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So…Baz Luhrmann, Ken Russell, and Bob Fosse walk into a bar. Out pops Rocketman, an unabashedly over-the-top biopic about an unabashedly over-the-top superstar. And considering that it’s been unabashedly executive produced by said over-the-top superstar, it is surprisingly not so much a vanity piece as it is a self-abasing confessional.

With lots of singing, dancing, and jazz hands.

The eponymous astro-powered gentleman is Reginald Kenneth Dwight, aka Sir Elton Hercules John…pianist, singer-songwriter, balladeer, glam-rocker, pop star, composer, and a man prone (at times in his life) to drug-alcohol-sex-food and/or shopping addiction.

It is the latter iteration (a walking gestalt of coked-out, fucked-silly, booze-soaked, self-absorbed and over-pampered rock star excess) that the director Dexter Fletcher (Bohemian Rhapsody) and screenwriter Lee Hall (Billy Elliot) present as the film opens.

In case we don’t glean that this troubled, troubled man is about to face his inner demons by going full confessional at an addict recovery meeting, Elton (Taron Egerton) makes a grand entrance with a world-weary plod down a long hallway, bedecked in a devil costume that recalls Tim Curry’s Mephistophelian creature in Legend. He looks…unwell.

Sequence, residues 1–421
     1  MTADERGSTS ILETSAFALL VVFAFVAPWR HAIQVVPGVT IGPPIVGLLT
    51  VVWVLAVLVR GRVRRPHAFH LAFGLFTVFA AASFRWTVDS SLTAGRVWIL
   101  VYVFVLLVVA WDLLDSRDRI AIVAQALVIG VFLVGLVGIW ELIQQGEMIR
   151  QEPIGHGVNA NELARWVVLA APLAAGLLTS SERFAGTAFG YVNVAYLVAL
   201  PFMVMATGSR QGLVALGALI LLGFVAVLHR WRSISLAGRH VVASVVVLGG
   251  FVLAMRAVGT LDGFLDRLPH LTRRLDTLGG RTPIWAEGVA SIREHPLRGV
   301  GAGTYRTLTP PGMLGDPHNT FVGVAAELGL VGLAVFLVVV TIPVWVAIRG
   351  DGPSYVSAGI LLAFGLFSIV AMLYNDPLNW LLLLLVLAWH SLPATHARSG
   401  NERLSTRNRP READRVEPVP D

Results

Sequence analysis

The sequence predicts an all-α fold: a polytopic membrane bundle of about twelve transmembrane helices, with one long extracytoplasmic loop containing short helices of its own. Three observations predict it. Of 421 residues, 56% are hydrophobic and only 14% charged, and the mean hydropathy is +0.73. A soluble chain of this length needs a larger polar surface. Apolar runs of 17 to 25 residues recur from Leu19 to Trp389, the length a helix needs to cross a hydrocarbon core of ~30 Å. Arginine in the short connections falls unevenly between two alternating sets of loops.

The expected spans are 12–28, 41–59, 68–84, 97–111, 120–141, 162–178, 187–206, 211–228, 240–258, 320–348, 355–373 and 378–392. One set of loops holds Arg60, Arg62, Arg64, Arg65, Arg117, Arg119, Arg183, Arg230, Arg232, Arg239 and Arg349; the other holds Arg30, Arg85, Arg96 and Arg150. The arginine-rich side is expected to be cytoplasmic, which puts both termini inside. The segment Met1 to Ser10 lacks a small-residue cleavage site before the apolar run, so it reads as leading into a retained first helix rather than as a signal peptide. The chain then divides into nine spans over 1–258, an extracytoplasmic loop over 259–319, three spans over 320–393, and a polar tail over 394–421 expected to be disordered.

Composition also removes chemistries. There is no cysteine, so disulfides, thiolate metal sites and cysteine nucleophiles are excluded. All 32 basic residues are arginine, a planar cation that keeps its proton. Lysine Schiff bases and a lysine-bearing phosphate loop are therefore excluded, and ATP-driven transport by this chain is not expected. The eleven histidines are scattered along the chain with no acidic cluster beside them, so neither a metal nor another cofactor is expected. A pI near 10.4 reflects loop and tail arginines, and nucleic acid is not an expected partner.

The support group device is a launch pad; a flashback-generator enabling rocket man to blast off into inner space, access his drug-addled memory banks and reassess his life as a mashup of kitchen sink drama, lurid soap, Fosse musical and MTV video (fasten your seat belts, check ignition, and may God’s love be with you…it’s gonna be a bumpy night).

Rocket man’s earliest recollections roil through his psyche. We observe young Reggie (Matthew Illesley) constantly vying for attention from his mother (Bryce Dallas Howard) and father (Steven Mackintosh). But alas, it is for naught; Dad is cold and distant as the moon and Mum is vain and self-absorbed (in one telling scene, Reggie is traumatized when he stumbles upon Mum and future stepdad having a shag in the back seat of a car).

In fact, it is his Gran (Gemma Jones) who becomes his nurturer (in real life, John was raised by his maternal grandparents). She is the one who encourages her daughter to invest in piano lessons for Reggie when he begins to demonstrate a natural ear for music early on (his Dad, despite being a trumpet player and a jazz fanatic, is oddly ambivalent).